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Bulletin of Animal Health and Production in Africa

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Honeybee colony marketing and its implications for queen rearing and beekeeping development in Werieleke District, northern Ethiopia

Teweldemedhn Gebretinsae

Abstract


Government and NGOs are promoting beekeeping as a tool for poverty alleviation in Ethiopia. This increased promotion is creating increasing demand for bee colonies in the Northern part of the country such as Tigray region. Thus, colony marketing is an important venture in Werieleke district of Tigray region. This research was  conducted in Nebelet and Maikinetal colony market centres of the district. It investigates the market and its implications through interviewing 120 market actors. Descriptive statistics, ANOVA and Pearson correlations were run using JMP5 statistical package. Traders in Nebelet were men who compose producers and traders. In Maikinetal, they were producers and hunters. Colony traders in Nebelet were experienced in colony multiplication through swarming and able to transport safely from highland areas of 40km radius. Traders in Maikinetal were less  experienced youngsters who hunt colonies from valleys of Werie. Customers use the markets as source of colony for start up, expansion and replacement. Several
youth who bought fewer colonies were found in Nebelet implying their attraction to beekeeping as employment option. There was better involvement of women in purchasing colonies as contrasted to selling, which reflect their improving participation in beekeeping. Price of colonies has significantly varied spatially and temporally (P < 0.0001) in association with their number and strength. Regardless of its valuable contribution to beekeeping development, colony marketing has been neglected. Consequently, several constraints were pointed-out as faced in transporting and marketing colonies. Colonies have been flowing from highlands to lowlands, which can cause genetic mix-up, disease transmissions and failure to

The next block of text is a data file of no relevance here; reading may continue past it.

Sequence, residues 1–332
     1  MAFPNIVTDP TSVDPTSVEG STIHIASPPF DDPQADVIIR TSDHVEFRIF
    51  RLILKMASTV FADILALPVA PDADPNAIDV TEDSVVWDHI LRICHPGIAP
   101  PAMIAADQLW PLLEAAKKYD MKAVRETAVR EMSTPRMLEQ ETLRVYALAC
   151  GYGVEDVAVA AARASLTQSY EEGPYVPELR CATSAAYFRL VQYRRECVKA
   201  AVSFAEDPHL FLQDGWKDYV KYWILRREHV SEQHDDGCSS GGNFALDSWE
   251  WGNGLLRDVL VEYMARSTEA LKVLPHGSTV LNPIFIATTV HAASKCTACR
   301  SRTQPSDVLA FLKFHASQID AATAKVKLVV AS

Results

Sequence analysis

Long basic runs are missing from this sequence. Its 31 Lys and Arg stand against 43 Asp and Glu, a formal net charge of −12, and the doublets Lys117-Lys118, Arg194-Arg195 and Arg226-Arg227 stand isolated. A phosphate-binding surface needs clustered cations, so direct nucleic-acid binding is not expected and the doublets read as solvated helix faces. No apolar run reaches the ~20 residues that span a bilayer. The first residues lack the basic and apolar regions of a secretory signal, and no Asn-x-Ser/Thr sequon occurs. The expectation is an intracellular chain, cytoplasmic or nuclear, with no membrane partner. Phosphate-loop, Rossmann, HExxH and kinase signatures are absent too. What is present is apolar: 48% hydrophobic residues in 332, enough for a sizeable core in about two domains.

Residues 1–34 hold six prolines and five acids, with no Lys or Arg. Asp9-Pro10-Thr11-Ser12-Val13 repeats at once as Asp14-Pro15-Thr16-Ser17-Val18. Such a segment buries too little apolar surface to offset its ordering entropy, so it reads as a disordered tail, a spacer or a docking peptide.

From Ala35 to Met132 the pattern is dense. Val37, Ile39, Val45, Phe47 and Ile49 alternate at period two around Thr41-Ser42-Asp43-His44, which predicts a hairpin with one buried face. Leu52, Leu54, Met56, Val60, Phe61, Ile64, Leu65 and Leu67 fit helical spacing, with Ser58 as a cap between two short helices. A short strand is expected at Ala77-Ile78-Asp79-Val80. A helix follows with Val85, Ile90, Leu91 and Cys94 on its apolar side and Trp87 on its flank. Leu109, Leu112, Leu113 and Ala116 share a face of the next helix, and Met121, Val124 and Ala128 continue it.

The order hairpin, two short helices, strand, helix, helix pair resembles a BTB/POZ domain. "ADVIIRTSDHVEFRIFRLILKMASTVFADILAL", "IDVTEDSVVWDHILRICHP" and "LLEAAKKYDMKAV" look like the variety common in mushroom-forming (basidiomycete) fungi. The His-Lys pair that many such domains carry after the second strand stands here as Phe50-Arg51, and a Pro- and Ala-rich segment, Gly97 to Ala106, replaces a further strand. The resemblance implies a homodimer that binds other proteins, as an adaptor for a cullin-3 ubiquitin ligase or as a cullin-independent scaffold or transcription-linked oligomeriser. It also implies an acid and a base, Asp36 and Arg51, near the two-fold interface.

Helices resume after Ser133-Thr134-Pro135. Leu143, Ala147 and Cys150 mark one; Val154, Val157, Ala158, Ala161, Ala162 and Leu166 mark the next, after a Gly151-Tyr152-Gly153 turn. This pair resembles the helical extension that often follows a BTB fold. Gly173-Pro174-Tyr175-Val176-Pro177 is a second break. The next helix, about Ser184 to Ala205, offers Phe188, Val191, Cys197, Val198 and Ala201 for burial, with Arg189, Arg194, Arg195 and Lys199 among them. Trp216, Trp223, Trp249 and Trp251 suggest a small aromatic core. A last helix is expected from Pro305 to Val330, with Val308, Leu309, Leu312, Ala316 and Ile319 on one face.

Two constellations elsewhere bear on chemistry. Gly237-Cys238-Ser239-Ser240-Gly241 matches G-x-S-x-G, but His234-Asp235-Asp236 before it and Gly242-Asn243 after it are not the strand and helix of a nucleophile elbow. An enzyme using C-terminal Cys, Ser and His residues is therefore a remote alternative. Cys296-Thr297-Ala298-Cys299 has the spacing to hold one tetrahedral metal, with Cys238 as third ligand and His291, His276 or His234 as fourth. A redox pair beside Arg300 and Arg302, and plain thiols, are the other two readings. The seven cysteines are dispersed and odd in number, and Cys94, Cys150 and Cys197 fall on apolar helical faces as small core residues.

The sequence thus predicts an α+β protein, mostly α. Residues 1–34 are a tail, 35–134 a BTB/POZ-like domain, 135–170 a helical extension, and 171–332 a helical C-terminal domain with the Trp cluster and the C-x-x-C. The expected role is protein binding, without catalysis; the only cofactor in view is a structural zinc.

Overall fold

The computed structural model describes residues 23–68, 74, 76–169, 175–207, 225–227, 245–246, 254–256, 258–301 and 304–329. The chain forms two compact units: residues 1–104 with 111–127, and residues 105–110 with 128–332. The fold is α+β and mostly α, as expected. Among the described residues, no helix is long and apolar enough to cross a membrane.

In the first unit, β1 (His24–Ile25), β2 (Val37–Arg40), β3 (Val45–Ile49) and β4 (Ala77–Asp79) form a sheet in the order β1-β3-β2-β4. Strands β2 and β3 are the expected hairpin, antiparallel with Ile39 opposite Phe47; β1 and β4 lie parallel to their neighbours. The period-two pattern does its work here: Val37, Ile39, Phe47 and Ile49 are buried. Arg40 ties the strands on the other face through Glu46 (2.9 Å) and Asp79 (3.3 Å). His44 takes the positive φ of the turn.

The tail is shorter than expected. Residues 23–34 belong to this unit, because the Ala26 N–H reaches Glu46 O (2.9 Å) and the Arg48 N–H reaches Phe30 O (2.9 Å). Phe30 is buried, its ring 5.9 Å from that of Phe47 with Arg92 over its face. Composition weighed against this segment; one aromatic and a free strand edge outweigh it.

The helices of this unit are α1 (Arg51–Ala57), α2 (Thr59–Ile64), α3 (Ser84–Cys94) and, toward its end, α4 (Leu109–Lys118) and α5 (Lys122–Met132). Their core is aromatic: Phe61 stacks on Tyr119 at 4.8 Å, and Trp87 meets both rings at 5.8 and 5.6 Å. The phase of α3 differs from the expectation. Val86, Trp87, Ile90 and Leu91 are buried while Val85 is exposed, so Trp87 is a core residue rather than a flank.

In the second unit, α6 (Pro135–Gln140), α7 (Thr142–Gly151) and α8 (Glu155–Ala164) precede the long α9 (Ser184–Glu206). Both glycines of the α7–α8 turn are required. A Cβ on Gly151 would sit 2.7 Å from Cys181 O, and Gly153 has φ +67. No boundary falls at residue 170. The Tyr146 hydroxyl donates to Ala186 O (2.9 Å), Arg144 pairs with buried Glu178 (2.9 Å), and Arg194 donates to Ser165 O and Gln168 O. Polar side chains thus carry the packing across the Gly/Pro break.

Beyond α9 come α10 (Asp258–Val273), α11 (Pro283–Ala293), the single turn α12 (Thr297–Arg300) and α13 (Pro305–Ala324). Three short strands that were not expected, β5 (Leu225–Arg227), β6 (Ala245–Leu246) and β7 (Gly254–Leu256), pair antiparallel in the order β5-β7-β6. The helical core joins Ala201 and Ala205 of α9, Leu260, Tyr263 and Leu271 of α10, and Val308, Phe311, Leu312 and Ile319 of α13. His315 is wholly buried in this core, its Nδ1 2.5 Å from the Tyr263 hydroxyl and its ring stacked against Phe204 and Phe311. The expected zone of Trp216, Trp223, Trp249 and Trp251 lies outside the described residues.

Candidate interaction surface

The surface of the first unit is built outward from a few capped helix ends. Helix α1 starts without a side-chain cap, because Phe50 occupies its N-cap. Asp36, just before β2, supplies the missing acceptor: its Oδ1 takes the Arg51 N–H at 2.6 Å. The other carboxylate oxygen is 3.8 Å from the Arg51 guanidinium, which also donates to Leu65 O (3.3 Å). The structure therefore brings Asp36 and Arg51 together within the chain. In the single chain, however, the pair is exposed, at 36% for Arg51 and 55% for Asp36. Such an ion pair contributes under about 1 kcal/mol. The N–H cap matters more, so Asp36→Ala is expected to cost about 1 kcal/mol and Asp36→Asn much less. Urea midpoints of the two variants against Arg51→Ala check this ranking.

adapt. Selling virgin queens and deserting worker bees at market were common practices indicating low understanding of beekeepers on bee biology. Therefore, law should be established in order to standardize colonies and queens sold, conserve bee diversity and avoid disease transmissions. Beekeepers should be empowered to rear queens and multiply their own colonies.


Keywords: Beekeeping, Bee colony marketing, Queen bee rearing




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